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I've very recently fallen in love with CouchDB. I'm pretty excited by its enormous benefits and by its beauty. Now I want to make sure that I haven't missed any show-stopping disadvantages.

What comes to your mind? Attached is a list of points that I have collected. Is there anything to add?

  • Blog posts from as late as 2010 claim "not mature enough" (whatever that's worth).
  • Slower than in-memory DBMS.
  • In-place updates require server-side logic (update handlers).
  • Trades disk vs. speed: Databases can become huge compared to other DBMS (compaction functionality exists, though).
  • "Only" eventual consistency.
  • Temporary views on large datasets are very slow.
  • Replication of large databases may fail.
  • Map/reduce paradigm requires rethinking (only for completeness).

The only point that worries me is #3 (in-place updates), because it's quite inconvenient.

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What about HTTP communication overhead? What about the difficulty to constrain values in couch (uniques are hard to do) – Raynos Oct 22 '11 at 9:55

5 Answers 5

up vote 8 down vote accepted
  • The data is in JSON

Which means that documents are quite large (BigData, network bandwidth, speed), and having descriptive key names actually hurts, since they add up to the document size.

plus some more:

  • It doesn't support transactions

It means that enforcing uniqueness of one field across all documents is not safe, for example, enforcing that a username is unique. Another consequence of CouchDB's inability to support the typical notion of a transaction is that things like inc/decrementing a value and saving it back are also dangerous. There aren't many instances that we would want to simply inc/decrement some value where we couldn't just store the individual documents separately and aggregate them with a view.

  • Relational data

If the data makes a lot of sense to be in 3rd normal form, and we try to follow that form in CouchDB, we are going to run into a lot of trouble. A possible way to solve this problem is with view collations, but we might constantly going to be fighting with the system. If the data can be reformatted to be much more denormalized, then CouchDB will work fine.

  • Data warehouse

The problem with this is that temporary views in CouchDB on large datasets are really slow. Using CouchDB and permanent views could work quite well. However, in most of cases, a Column-Oriented Database of some sort is a much better tool for the data warehousing job.

But CouchDB Rocks!

But don't let it discorage you: NoSQL DBs that are written in Erlang (CouchDB, Riak) are the best, since Erlang is meant for distributed systems. Have fun with Couch!

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2 more things, which make me cry when using CouchDB (though it's awesome):

  • It is not designed for frequently updated data
  • It doesn't have built-in fulltext search
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  • Lack of reader ACLs (does exist for writers, however)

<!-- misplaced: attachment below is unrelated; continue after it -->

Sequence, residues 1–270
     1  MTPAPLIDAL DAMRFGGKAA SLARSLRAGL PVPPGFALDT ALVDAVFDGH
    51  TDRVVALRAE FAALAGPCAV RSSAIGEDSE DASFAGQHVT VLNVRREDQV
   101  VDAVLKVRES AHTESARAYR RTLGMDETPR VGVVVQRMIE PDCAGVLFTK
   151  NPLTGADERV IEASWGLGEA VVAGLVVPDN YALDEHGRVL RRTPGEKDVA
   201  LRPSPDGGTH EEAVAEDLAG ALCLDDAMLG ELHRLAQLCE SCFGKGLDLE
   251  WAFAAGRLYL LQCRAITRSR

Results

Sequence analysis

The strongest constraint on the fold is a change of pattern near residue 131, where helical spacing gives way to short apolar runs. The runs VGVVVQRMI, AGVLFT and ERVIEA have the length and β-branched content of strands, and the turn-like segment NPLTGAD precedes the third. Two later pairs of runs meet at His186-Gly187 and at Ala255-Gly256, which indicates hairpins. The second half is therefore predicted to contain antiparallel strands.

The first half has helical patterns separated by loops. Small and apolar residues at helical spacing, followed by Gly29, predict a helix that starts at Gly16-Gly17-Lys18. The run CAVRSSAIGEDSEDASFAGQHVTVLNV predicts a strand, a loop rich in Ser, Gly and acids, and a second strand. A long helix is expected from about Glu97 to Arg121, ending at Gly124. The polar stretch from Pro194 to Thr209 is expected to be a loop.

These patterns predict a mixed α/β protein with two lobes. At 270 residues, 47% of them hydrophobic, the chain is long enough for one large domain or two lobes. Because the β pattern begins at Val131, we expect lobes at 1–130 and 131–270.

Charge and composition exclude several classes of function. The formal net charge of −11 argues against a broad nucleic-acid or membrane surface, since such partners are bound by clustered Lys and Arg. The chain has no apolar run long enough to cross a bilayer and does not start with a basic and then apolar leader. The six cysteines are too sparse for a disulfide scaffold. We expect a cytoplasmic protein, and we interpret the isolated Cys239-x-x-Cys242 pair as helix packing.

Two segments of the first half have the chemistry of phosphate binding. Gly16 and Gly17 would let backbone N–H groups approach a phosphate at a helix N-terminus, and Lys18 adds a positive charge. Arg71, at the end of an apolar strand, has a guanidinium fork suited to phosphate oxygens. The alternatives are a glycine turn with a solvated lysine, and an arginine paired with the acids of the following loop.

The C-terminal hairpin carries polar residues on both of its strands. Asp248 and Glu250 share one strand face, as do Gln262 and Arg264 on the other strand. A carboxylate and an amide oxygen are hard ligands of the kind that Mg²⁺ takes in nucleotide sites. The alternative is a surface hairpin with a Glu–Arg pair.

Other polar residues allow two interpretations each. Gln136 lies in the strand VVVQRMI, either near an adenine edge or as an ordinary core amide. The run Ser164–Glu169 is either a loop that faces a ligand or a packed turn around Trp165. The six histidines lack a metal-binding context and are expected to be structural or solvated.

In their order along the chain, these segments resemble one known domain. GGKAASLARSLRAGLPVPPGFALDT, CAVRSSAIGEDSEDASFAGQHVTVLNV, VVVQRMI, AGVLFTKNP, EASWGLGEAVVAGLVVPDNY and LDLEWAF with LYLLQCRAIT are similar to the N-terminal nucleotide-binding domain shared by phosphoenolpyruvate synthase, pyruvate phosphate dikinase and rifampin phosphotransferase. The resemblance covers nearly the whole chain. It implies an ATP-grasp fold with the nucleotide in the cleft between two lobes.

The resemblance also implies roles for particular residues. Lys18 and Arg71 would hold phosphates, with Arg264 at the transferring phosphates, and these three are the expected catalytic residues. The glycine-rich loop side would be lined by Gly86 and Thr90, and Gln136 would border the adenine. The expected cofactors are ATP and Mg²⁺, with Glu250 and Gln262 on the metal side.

As an old Lotus Domino pro I was looking to CouchDB as an alternative for a new project I'm kicking off and found the limits on readers to be very weak in Couch vs. Domino. In my app security is an important consideration and Couch would require a middleware layer to handle reader security.

If you have database in which it's okay that all defined users can see all the documents, then Couch looks like an interesting platform.

If restricting reads is needed then you'll need to look to a middleware solution or consider another alternative.

Note to CouchDB developers: Improve the platform security options. I realize they will diminish performance when used but note that and make the option available.

Now back to determining which database to use...

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Yes. This stops me from running Couch-only applications. – nisc Dec 13 '11 at 15:22
In case anyone is interested, Domino 8.5.3 includes JSONRest support via Domino Data Service features. You get the full Domino security model along with REST support. Very nice.… – Kenneth Benjamin Mar 30 '12 at 10:26

It's nothing to do with CouchDB itself, but being a relative newcomer on the scene means that most sysadmins are still unfamiliar with it and won't allow it anywhere near "their" data centers. If you're in a situation where you're deploying to an environment you don't control yourself, this can be quite the battle.

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  • currently no support for ad-hoc queries (might change with advent of UnQL)
  • lack of binary protocol support for faster communication
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UnQL is pointless to be honest. If all NoSQL databases were to support UnQL we'd soon see NoUnQL databases. NoSQL databases are interesting in a way that they aren't designed on top of a query language but on a way to store data. This makes things as crazy as Rest database like CouchDB possible. As for the binary protocol, it could be useful but as far as I can tell, speed of the http protocole isn't exactly the big problem with couchdb. – Loïc Faure-Lacroix Oct 25 '14 at 18:39

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